Councillors clashed over whether tax should be spent on front-line services or "squirrelled away in bank vaults".

Liberal Democrat and Labour opposition councillors presented Hertfordshire County Council with alternative budgets when it met on Tuesday to decide its share of council tax for the 12 months from April.

The ruling Conservative group's budget prevailed when councillors voted to increase the amount it levies by 3.99 per cent.

This includes a general increase of 1.99 per cent to pay for services such as education, waste disposal, public transport and roads, and a further two per cent ring-fenced for adult social care.

The county council portion of the charge for a Band D property will increase by £54.30 over the year, to £1,414.20.

Executive member for resources and performance Cllr Ralph Sangster told the meeting consultation had showed 60 per cent of residents favoured increasing council tax to maintain local services.

Presenting the budget, he said the focus of the council’s plans were on “investing in Hertfordshire’s future and protecting the most vulnerable”.

Among the investment plans he highlighted was £12 million for the county’s home care workforce and £11 million in a purpose-built nursing home facility in Wormley, as well as further investment in new homes in care-supported facilities.

He pointed to £8 million to support the care needs of children and a further £8 million for local roads.

And, he highlighted £9 million that will be invested in public transport, as well as further funding to support the emerging Sustainable Hertfordshire Strategy.

Cllr Sangster said that over the past decade the council’s Conservative administration had saved local taxpayers almost £2 billion.

And he said, without the actions they had taken, the annual cost of delivering local services would be £351 million higher – suggesting that the county council “would effectively have been bankrupt”.

He told councillors the county council was “financially strong and robust”. But he said there remained a need to retain the council’s ‘reserves’ at their current level.

Liberal Democrat and Labour councillors presented alternative budget proposals – suggesting where money should be spent and saved.

The Liberal Democrats suggested £2 million should be invested in the Savercard scheme – which subsidises travel for full-time students under 19.

They also suggested £1 million should be invested in bus services and on demand services; £1 million in repairs to highways and improvements to footways and cycleways; £1 million in on-street electric vehicle charging points; £1 million for tree planting and £1 million for solar generation, which would also generate some income.

Other plans in their budget proposals included the funding of a review of the child and adolescent mental health services (CAMHS), pilots for self harm and conduct disorder, school uniform subsidies, grants for set-up of community transport schemes and a £10,000 increase to each councillor’s highways locality budget.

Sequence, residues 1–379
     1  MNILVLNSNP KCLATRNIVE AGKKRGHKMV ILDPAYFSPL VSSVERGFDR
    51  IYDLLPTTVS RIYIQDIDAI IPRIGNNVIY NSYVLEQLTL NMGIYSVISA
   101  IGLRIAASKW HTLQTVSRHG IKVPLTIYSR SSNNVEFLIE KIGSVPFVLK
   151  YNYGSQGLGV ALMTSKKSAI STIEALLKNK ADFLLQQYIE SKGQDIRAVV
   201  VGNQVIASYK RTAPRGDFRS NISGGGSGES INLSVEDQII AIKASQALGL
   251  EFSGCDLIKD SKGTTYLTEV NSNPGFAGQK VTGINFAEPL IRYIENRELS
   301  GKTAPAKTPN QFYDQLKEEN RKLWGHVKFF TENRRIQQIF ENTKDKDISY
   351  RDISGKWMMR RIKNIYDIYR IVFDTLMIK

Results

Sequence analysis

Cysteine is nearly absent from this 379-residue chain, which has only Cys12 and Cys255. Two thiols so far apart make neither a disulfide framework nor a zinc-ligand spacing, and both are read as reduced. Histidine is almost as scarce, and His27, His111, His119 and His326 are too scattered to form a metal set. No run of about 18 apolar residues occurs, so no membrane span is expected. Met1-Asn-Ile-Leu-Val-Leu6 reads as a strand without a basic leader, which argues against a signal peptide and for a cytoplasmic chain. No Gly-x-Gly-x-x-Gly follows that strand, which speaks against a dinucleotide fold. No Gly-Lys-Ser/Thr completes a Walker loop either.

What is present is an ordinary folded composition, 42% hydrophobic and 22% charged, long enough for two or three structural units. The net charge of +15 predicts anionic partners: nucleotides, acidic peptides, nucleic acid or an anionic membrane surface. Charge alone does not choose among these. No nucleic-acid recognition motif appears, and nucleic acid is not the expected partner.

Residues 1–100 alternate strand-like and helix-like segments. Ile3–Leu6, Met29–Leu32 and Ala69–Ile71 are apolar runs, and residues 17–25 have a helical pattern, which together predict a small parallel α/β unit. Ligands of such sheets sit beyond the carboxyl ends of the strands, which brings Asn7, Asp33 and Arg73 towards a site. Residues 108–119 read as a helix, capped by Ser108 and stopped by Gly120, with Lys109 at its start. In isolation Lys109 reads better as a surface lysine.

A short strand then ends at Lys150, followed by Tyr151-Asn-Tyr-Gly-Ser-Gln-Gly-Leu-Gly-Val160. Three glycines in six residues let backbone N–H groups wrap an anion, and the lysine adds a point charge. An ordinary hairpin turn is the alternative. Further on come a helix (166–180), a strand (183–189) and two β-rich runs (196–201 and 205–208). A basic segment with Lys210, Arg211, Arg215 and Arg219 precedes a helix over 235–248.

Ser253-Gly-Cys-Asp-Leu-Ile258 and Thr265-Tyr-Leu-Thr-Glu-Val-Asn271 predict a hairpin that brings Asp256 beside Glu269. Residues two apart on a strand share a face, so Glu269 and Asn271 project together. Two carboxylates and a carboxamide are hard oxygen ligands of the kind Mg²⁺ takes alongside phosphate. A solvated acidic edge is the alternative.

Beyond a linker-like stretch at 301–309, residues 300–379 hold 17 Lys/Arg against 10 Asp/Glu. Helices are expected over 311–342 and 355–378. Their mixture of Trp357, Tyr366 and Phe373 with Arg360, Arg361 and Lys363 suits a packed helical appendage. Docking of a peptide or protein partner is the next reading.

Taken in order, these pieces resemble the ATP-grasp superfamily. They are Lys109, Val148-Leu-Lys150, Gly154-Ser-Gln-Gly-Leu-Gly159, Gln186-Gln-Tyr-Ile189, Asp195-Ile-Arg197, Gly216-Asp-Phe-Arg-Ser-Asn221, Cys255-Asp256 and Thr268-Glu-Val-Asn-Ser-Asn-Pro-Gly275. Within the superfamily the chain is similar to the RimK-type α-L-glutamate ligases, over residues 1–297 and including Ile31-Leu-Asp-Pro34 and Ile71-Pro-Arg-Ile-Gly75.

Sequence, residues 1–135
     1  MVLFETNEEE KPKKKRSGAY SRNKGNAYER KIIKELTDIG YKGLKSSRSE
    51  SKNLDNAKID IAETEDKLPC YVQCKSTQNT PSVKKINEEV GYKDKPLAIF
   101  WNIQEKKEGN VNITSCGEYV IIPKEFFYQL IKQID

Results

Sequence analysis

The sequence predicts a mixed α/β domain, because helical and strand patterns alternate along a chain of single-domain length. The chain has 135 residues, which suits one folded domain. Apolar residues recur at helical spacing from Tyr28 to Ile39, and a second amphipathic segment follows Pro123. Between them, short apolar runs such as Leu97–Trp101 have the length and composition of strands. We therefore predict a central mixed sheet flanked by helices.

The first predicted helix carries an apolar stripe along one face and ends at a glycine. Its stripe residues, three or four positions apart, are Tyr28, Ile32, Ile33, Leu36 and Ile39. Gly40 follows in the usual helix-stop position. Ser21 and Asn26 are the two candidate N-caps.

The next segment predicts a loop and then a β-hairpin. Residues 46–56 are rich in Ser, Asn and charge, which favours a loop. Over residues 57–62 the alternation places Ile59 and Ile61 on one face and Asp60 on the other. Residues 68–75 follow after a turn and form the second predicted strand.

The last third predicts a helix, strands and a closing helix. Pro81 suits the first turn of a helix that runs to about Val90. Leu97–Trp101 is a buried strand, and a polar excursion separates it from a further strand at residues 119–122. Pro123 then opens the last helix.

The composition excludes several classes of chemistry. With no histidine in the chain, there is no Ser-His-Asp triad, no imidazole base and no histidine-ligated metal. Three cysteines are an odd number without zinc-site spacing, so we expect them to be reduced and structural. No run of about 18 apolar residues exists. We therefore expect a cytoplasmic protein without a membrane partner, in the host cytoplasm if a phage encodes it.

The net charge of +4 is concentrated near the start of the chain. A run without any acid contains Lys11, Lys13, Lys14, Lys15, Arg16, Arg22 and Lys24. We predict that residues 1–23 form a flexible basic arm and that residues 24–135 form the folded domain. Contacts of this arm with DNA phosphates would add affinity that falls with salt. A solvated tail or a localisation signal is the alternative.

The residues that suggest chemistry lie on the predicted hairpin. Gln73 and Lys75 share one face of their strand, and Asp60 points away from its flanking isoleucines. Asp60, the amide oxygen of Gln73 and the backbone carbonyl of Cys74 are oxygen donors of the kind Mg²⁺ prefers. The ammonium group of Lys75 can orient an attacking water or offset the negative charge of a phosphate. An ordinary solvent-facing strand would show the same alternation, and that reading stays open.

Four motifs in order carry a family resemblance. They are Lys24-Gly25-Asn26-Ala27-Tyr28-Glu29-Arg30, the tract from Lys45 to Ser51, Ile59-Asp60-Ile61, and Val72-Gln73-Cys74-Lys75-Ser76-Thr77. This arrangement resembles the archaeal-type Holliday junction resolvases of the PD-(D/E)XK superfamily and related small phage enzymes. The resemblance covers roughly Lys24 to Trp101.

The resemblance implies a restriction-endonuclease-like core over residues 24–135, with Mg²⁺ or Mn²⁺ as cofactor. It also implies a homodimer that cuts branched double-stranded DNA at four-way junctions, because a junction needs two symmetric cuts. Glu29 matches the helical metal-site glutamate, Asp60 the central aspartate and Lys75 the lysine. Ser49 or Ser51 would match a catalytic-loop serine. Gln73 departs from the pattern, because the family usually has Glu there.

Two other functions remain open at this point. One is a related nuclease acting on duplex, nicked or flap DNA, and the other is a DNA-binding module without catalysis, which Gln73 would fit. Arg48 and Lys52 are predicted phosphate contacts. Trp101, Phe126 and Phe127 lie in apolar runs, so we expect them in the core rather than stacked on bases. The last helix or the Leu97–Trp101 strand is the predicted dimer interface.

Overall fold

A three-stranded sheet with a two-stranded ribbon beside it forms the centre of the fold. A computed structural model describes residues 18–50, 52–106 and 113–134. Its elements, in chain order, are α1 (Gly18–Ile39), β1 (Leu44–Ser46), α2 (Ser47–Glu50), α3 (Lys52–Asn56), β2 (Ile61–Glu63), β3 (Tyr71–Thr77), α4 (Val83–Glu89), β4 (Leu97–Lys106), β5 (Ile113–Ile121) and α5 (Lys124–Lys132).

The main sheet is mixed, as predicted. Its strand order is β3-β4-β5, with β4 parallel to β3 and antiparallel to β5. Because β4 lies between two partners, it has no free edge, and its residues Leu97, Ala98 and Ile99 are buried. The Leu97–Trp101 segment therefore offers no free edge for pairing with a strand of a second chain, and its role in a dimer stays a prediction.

They suggested a number of these proposals could be funded by reducing the council’s spend on corporate communications and security costs for unused council’s buildings and from income from property rental, solar generation, community transport schemes and additional council tax and business rates.

Presenting the proposals, Cllr Paul Zukowskyj said the biggest difference between the Liberal Democrats and the Conservative administration was the attitude to council tax – suggesting too much was “squirrelled away for a rainy day”, while cuts were made to services, such as bus services and youth services.

“Residents pay their tax – I pay my tax – and expect it to be spent on services not hoarded in mountains in vaults,” he said.

“This administration seems to forget residents pay their tax for services, not a healthy bank balance.”

Meanwhile alternative Labour proposals included £1m earmarked for ‘quick wins’ on climate change projects, £1m to enable ‘household waste and recycling centres’ to stay open seven days a week and £829,000 for the youth service and youth connexions.

They also suggested funding should be used to discount council tax for care leavers, to reverse cuts to Savercard funding, to increase spending on highways locality budgets and to support CAMHS ‘community targeted team’.

They suggested £100,000 should be earmarked to look at the feasibility of bringing more adult social care services ‘in-house’.

Funding for their proposals, they said, could be secured from a management review at the county council, that would reduce the number of top managers from 120 to 96, from the council’s ‘Invest to Transform’ budget and the communications budget.

Presenting the alternative proposals, Cllr Sharon Taylor said front-line council services were the "Cinderella" of the public sector.

She said 60 per cent of the county council’s budget was needed for children’s services and adult social care – with no recognition from central government of how little this left for other services.

She said councils relied on ‘hand-to-mouth’ funding, with no certainty from one year to the next.

And she said: “In local government we survive in spite of government not because of them – and our residents deserve better than that.”

In addition to the county council element of the council tax, charges will also be levied by the Police and Crime Commissioner, district and borough councils and, in some cases, parish councils too.